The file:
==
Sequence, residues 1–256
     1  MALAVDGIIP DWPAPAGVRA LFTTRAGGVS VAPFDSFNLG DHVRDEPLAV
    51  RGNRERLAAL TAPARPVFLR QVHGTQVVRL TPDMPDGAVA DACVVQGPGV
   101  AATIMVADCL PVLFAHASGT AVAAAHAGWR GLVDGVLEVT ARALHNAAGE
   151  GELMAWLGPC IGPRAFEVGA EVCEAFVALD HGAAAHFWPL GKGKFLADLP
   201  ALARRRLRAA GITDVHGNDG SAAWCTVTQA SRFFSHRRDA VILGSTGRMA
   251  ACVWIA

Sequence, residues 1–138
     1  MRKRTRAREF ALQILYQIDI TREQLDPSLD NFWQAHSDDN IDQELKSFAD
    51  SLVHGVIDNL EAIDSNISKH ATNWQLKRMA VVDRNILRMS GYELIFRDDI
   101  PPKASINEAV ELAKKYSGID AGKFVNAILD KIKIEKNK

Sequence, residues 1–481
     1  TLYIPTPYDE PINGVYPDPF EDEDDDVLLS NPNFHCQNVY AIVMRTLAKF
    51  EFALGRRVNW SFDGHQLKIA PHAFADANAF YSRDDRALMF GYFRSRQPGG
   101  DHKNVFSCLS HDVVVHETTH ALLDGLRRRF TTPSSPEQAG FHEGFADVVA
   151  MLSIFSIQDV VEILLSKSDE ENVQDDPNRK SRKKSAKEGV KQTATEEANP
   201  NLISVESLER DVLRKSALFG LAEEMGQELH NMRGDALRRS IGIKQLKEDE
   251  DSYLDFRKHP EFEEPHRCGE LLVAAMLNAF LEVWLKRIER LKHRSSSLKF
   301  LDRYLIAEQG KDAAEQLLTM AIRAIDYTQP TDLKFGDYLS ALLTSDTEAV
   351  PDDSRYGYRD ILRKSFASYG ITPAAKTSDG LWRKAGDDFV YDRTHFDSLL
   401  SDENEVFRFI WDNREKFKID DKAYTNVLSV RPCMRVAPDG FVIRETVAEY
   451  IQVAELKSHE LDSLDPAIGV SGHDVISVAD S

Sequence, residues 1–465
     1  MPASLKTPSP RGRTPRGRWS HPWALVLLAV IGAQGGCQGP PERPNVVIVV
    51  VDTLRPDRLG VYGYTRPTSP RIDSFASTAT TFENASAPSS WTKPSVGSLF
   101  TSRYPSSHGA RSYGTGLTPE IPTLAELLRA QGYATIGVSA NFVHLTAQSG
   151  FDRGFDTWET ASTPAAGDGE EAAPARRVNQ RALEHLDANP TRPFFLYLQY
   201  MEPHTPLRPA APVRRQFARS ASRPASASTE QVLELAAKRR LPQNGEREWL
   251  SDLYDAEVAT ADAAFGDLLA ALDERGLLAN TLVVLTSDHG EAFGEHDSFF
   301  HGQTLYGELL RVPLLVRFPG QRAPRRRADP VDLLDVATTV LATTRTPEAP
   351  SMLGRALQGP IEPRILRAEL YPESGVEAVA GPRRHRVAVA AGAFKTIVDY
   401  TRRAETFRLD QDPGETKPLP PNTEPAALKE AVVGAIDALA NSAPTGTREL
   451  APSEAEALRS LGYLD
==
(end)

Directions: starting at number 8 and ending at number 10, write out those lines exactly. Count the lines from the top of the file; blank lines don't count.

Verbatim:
Sequence, residues 1–138
     1  MRKRTRAREF ALQILYQIDI TREQLDPSLD NFWQAHSDDN IDQELKSFAD
    51  SLVHGVIDNL EAIDSNISKH ATNWQLKRMA VVDRNILRMS GYELIFRDDI